I have underlined "invisible" because in "Midnight's Children" he calls the people who live beyond posh Neapean Sea Road area in Bombay as "Invisible People," or the migrant people. This is something I can identify with as I am of second generation migrant stock, living as invisible people in an extended suburb of Bombay. Here's a poem I wrote in my blog about how indigenous people hate migrants.
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Friday, September 22, 2006

Reality Show to Sell a Book? Quite possible!

Saw the James McGreevey interview with Larry King on CNN. Now, for those who came in late, James is the former governor of New Jersey who has made a public admission to having a homosexual affair and to having cheated on his wife, as a consequence of which he had to give up his office. He has also come up with a book on the affair titled "The Confession" and may, me thinks, have been desperate to get publicity for the book. The confession includes trysts in anonymous truck stops, crawling into bed with his wife after escapades with his boy friend, etc.

What I found unusual was the handsome McGreevey was squirming in his seat while answering King's pointed and, rather, blunt questions. Several times he fumbled for answers, and on occasions he seemed as if he wasn't telling the truth, at least, fudging some. Larry King asked him if he had sexual encounters before his marriage, and he said, "yes," the next question was, "was it pleasurable?" What does he mean by asking if a sexual encounter was pleasurable? Why would he go for an encounter if it wasn't pleasurable. Come, come, now, Larry King!

To make matters worse there were also interviews with his cheated wife, and his boyfriend (no, he says, life partner), whom he kissed on the show. Yes, kissed on the mouth! All through the interview I was conscious of a brave show being put up, all that was wrong with such displays became quite obvious. I mean, the reality television kind of programs showing people embarassed, crying, shouting, and kissing.

I felt that this was the movie trailer to goad people to buy the book in millions to delve into the secret life of the handsome governor. Also, who knows, movie rights, and may be, a movie role (seeing as to how handsome he is!). Oh, the pits to which people can descend!

I may be terribly old fashioned (my blog says so), not to talk of getting old, but couldn't these emotions be handled a bit more discreetly? All through the show the interlocutor Larry King had a cynical set to his mouth, and conducted the interview with great detachment, as is his wont. But all this drama to sell a book? If this genre of publishing is so desperate to sell their books, then why don't they call themselves "The Celebrity Business" and not publishing at all.
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Wednesday, September 20, 2006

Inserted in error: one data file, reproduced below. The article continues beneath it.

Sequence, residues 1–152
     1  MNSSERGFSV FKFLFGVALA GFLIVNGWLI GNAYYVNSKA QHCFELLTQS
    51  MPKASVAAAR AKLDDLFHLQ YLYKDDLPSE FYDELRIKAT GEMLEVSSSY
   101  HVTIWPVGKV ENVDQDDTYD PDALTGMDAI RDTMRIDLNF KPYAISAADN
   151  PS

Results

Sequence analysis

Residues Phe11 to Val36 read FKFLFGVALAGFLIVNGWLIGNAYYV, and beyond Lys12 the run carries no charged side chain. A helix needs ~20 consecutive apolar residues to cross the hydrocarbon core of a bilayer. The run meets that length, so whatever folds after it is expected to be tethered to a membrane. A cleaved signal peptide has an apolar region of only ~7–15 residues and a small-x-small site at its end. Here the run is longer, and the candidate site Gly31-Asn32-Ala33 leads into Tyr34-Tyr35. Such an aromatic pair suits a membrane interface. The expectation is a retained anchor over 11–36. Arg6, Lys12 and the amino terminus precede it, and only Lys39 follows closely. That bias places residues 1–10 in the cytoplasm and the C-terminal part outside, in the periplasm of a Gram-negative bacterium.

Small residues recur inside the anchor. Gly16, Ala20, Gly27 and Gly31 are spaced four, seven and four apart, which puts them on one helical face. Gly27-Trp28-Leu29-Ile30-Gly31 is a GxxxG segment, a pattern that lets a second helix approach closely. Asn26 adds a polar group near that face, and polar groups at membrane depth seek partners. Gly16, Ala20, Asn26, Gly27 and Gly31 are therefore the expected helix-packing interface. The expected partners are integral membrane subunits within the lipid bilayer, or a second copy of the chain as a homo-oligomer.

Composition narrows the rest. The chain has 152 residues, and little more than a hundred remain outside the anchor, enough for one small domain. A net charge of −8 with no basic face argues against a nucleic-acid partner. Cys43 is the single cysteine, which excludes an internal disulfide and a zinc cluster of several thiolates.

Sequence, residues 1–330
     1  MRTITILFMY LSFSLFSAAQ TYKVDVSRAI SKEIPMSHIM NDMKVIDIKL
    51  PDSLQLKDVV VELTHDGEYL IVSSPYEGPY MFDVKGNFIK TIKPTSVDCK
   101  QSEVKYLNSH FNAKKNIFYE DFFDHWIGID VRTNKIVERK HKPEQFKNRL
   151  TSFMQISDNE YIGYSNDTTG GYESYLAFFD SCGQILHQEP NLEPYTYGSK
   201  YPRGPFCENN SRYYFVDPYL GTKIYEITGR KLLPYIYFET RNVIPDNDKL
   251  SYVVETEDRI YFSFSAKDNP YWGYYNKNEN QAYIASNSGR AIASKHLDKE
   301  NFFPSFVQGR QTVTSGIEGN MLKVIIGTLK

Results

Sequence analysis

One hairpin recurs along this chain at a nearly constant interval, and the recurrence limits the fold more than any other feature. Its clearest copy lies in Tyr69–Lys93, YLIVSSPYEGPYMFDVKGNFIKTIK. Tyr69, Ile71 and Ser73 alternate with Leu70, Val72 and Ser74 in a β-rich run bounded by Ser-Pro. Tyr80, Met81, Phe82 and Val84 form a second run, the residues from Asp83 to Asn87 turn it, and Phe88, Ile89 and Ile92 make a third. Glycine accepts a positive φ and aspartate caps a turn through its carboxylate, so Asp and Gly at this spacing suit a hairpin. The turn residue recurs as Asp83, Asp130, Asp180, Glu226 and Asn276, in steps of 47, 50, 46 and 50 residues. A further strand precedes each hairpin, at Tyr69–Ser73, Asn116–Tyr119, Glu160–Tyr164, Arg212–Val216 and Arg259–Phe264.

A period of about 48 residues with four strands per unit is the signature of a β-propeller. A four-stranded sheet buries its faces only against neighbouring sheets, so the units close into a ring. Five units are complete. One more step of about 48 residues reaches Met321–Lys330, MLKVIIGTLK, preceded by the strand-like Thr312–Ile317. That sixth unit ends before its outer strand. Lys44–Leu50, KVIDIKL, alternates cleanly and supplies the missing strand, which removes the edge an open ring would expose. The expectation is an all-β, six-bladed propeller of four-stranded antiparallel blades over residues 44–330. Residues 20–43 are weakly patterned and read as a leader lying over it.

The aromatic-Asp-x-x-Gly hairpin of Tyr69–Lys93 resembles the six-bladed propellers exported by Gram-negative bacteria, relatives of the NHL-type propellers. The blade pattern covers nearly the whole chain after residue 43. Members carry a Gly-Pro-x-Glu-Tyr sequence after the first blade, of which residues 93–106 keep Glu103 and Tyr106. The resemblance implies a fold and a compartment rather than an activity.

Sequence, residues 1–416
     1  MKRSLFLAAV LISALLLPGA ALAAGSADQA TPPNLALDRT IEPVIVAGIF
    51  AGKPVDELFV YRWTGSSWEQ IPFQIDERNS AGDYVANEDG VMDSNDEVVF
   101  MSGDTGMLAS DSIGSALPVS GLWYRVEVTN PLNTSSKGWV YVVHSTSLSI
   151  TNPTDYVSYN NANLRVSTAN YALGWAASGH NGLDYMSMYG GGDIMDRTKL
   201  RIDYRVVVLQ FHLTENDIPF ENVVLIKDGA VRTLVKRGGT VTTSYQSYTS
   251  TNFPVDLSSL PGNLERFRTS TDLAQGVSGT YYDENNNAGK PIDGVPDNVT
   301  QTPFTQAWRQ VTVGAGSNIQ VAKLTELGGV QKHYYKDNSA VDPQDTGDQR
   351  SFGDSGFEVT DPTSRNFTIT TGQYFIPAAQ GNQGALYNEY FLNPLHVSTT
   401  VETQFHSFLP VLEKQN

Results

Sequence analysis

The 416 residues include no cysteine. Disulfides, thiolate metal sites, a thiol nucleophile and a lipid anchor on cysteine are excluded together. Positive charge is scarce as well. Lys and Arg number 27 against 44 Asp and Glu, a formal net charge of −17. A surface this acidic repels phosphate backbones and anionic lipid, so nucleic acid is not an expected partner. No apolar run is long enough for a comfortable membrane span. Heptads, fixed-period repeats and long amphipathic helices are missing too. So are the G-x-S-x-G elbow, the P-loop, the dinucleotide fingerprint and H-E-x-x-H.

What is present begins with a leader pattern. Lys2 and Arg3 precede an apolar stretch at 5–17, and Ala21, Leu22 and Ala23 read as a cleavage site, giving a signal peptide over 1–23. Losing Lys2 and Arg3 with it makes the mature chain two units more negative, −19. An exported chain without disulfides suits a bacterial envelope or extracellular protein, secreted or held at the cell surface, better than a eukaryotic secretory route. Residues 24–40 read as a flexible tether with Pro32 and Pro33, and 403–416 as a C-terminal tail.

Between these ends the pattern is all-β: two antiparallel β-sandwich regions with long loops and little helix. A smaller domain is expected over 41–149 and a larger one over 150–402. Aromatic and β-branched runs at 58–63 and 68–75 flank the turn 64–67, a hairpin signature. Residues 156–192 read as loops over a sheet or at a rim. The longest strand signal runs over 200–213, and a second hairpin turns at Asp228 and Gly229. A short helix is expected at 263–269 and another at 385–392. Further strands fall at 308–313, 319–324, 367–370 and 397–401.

Sportsmen or Showmen?

Why do we, the whole one billion of us, rank so low in sports? Looking at our films and ads filled with those well-toned, and muscle-rippling youth one would think we are a nation of athletic young men, and women who shouldn't do so dismally when it comes to wielding a stick or a bat.

We rank 136th in 204 football playing nations, 11th in 12 hockey playing nations, and about cricket I don't know (though, I play cricket I am not so crazy about following it as I get upset watching our country lose, and so badly at that), may be, in the bottom of the heap. Every four years, one billion people wait with bated breath for an odd silver or bronze medal in the Olympics, while a country like Cameroon wins two golds and a bronze. A collective hanging of heads is, perhaps, advisable here.

I don't accept the argument that there is a lack of talent. No. I have seen talented cricket players giving up their fight. Ravi Kulkarni was a talented player from my locality and he vanished without a trace and so did Abey Kuruvilla. Their careers were rather short.

Or, is it that we are a nation of pretenders, who build up their bulges to be "macho-looking" for the cameras and not for what these muscles are meant, i.e., put it to grueling tests on the sports field, the real tests of brawn these days. Don't believe me? Watch those gladiators battling each other on the football field. There are fans screaming, singing, hooting, waving little, long balloons, even painting themselves for their teams. And their heroes deliver.

My grouse with our cricketers is that they aren't sportsmen (except a few), and more of showmen. Hmm, that may also be the reason they fail so dismally on the field. Watch their carefully groomed attitudes, watch their camera consciousness. "Yaar, mein kaisa lag raha tha teevee par?" (Friend, how did I look on television?)

I really wonder if they do it for the sake of the sport or for getting the advertisement endorsement opportunities, trophy girlfriends, and may be later get on television wearing a tie, to say glib things like, "It is a batting pitch, there is a little grass, and a lot of moisture on the grass, what do you say Sunny?"